(b. Pomarance, Volterra, Italy, 25 January 1755; d. Florence, Italy, 19 October 1815),
Mascagni, whom Lalande included among the learned men of Siena, graduated at the age of twenty and, four years later was appointed professor. At that time the Academy of Sciences of Paris proposed to “determine and demonstrate the system of the lymphatic vessels.” The theory of the lymphatic vessels had been all but forgotten in Italy; and although Frederik Ruysch had tried to reawaken interest in the subject in Holland, Albrecht Haller, by denying the existence of lymphatic vessels in certain parts of the body, and cast doubt on the entire lymphatic system. By 1784 Mascagni was able to send the Academy the first part of a work on the lymphatic vessels illustrated with numerous plates. Although his work, Vasorum lymphaticorum historia, arrived late, he was awarded a special prize. The Historia paved the way for progress in anatomy, physiology, and clinical medicine, for 50 percent of the lymphatic vessels now known were discovered by Mascagni.
In studying the origin of the lymphatic vessels, Mascagni established that every vessel must in its course enter one or more lymph glands. He rearranged and completed the observations of others and overhauled their techniques. Mascagni also performed experiments, using the mercury injection method and so improving it that it surpassed all preceding techniques. In the light of his excellent results, the simplicity of the technique is truly surprising. The only instrument used was a tubular needle bent at a right angle; yet he observed, named, and described nearly all the lymph glands and vessels of the human body, checking earlier observations and carrying out new ones.
Mascagni examined the views of Boerhaave and his followers, who believed that the lymphatics arose from the tips of the arteries and were shaped like ramified conical vessels. These vessels formed canals that gradually became thinner; and these canals, by continuing into the veins, brought some sort of material to the blood and therefore were related to the lymphatic system. Mascagni demonstrated, however, that such arterial and venous lymphatics did not exist. After examining the work of Noguez, Hamberger, and Hoffmann and the results of his own researches, Mascagni concluded that the lymphatic system originates from all the cavities and surfaces of the body, both internal and external, and is related to the absorbing function. By means of colored injections he demonstrated the communication between the lymphs and the serous vessels.
Mascagni was appointed professor of anatomy at Pisa; he was also invited to hold professorships at Bologna and Padua, but accepted the vacant post at Florence. Indeed, the Tuscan government, desirous of securing his services, not only created one professorship covering anatomy, physiology, chemistry, and the teaching of art anatomy but also doubled the stipend. In appreciation of this generous offer, Mascagni began to prepare anatomical models for use by students of sculpture and painting. The various systems of the human body were to be represented on life-size figures, a grandiose concept that was carried out with the help of illustrations by Sienese artists. The huge cost of this colossal editorial venture obliged Mascagni to draw on his salary and even to mortgage the family estate. These generous efforts failed to yield the desired results, for he died before completing his lifework.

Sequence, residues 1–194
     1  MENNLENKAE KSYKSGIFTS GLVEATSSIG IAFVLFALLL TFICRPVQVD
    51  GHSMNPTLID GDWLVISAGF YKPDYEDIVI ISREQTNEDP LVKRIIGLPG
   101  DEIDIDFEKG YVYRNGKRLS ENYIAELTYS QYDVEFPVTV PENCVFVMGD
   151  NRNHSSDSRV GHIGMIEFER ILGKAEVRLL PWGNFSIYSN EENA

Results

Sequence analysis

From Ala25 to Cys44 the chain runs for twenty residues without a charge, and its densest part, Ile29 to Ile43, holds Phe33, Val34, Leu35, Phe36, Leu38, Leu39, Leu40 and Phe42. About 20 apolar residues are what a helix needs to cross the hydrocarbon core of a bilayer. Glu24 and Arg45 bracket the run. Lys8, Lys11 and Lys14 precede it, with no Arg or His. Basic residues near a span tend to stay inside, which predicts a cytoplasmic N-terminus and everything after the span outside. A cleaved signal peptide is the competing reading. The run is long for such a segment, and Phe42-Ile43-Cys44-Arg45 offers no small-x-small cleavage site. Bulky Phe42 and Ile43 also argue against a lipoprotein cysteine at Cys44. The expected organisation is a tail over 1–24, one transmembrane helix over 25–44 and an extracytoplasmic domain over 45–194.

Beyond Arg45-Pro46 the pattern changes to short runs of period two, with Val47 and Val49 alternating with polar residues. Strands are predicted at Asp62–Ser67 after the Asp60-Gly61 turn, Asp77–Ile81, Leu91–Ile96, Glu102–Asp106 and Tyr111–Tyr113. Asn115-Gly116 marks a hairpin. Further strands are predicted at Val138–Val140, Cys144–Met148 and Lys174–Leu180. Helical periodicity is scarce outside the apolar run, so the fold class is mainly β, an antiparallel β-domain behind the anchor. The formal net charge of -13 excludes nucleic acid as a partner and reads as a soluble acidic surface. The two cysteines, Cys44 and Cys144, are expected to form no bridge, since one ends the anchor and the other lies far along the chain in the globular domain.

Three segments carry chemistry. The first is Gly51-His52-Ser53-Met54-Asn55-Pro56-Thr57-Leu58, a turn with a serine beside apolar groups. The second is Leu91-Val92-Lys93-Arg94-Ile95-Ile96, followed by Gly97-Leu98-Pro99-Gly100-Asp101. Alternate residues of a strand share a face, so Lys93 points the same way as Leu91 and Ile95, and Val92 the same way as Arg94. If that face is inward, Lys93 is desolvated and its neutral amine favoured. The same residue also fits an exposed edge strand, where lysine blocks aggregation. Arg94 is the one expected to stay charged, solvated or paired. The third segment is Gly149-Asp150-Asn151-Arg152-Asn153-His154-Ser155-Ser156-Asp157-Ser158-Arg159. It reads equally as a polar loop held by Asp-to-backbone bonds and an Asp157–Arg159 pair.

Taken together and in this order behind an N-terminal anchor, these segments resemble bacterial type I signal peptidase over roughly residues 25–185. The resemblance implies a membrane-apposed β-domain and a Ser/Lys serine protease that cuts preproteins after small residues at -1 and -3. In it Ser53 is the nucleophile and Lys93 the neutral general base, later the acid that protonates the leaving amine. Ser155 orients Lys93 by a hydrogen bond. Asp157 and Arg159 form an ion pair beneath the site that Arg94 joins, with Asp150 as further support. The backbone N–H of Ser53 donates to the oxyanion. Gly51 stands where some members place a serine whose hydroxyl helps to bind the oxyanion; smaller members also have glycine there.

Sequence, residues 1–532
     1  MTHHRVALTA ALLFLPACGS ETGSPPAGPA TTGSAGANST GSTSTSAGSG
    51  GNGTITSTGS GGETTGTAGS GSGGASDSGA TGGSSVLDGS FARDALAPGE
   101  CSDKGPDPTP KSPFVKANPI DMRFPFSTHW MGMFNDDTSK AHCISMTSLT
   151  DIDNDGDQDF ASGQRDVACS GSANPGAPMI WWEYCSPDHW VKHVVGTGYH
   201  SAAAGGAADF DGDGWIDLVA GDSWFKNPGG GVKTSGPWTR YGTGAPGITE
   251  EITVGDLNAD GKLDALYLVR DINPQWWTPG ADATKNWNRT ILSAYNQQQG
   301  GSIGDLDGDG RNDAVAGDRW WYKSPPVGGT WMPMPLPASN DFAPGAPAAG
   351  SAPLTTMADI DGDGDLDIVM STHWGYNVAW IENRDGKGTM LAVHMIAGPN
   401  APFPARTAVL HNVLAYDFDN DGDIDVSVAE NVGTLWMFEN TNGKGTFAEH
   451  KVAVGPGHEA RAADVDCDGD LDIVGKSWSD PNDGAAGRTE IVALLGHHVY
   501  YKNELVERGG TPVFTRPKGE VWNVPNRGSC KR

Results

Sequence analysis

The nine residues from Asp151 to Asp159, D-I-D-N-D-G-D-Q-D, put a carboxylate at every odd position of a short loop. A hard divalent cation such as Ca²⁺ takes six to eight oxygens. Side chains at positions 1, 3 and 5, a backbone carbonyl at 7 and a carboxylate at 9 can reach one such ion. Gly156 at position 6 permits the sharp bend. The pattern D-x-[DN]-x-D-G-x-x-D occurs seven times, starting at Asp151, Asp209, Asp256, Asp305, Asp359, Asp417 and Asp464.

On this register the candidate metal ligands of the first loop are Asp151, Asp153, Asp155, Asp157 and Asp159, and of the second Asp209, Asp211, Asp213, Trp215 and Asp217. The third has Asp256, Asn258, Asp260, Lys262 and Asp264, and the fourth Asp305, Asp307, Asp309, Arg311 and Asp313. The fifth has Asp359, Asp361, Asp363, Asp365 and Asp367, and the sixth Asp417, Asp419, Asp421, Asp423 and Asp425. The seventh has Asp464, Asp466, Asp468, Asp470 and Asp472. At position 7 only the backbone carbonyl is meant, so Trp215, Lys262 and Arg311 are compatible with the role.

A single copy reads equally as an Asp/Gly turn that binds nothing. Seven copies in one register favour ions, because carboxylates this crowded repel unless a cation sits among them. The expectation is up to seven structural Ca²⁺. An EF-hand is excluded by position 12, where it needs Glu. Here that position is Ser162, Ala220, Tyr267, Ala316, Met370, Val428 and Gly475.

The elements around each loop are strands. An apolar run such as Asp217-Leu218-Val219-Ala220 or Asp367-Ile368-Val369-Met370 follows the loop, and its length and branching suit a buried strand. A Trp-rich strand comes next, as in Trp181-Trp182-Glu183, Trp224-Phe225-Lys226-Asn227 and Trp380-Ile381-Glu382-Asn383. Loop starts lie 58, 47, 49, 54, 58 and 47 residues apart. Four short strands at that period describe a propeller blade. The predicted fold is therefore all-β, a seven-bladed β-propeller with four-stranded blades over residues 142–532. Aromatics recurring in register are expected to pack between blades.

Mascagni’s first published writing was Vasorum lymphaticorum historia (Siena, 1784), the intro. to a work on lymphatic vessels. Of greater importance is Vasorum lymphaticorum corporis humani historia et iconographia (Siena, 1787). Mascagni also published commentaries on mineralogy, agriculture, chemistry, and physics.
His first posthumously published work was that on anatomy for use by students of sculpture and painting (Florence, 1816). There followed two introductions to the Anatomia: the Antonmarchi edition, prepared under the supervision of Antonmarchi, who was Napoleon’s physician and Mascagni’s pupil; and the edition prepared in Milan by Farnese. The latter is inferior because the redrawn plates are not as good as those in the Antonmarchi version. These editions were followed by the plates of the animal and vegetable organs illustrated in the intro. to the Anatomia (Florence, 1819).
Mascagni’s monumental Anatomia universa XLIV tabulis aeneis iuxta archetipum hominis adulti accuratissime repraesentata (Pisa, 1823) is so large that one of its designers—Antonio Serantoni, a designer, engraver, and modeler in wax—prepared a special personal ed. in color; Anatomia universale descrittiva del Professor Paolo Mascagni (Florence, 1833), reproduced with copper plates smaller than those in the Pisa ed. Mascagni’s important works also include the many wax models preserved in Italian and foreign museums.